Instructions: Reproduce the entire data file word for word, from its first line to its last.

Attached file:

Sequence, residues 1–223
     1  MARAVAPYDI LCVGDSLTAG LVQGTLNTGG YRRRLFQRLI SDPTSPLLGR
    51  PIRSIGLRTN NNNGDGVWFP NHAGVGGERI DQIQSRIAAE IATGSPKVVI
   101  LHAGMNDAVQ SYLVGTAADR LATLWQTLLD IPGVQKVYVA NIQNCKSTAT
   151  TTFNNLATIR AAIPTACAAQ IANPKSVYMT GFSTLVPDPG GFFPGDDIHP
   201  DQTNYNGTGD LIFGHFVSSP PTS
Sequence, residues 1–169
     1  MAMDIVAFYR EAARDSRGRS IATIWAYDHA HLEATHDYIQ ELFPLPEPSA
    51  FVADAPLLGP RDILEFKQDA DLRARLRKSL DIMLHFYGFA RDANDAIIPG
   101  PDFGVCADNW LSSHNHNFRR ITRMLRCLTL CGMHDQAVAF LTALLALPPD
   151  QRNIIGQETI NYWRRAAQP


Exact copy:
Sequence, residues 1–223
     1  MARAVAPYDI LCVGDSLTAG LVQGTLNTGG YRRRLFQRLI SDPTSPLLGR
    51  PIRSIGLRTN NNNGDGVWFP NHAGVGGERI DQIQSRIAAE IATGSPKVVI
   101  LHAGMNDAVQ SYLVGTAADR LATLWQTLLD IPGVQKVYVA NIQNCKSTAT
   151  TTFNNLATIR AAIPTACAAQ IANPKSVYMT GFSTLVPDPG GFFPGDDIHP
   201  DQTNYNGTGD LIFGHFVSSP PTS
Sequence, residues 1–169
     1  MAMDIVAFYR EAARDSRGRS IATIWAYDHA HLEATHDYIQ ELFPLPEPSA
    51  FVADAPLLGP RDILEFKQDA DLRARLRKSL DIMLHFYGFA RDANDAIIPG
   101  PDFGVCADNW LSSHNHNFRR ITRMLRCLTL CGMHDQAVAF LTALLALPPD
   151  QRNIIGQETI NYWRRAAQP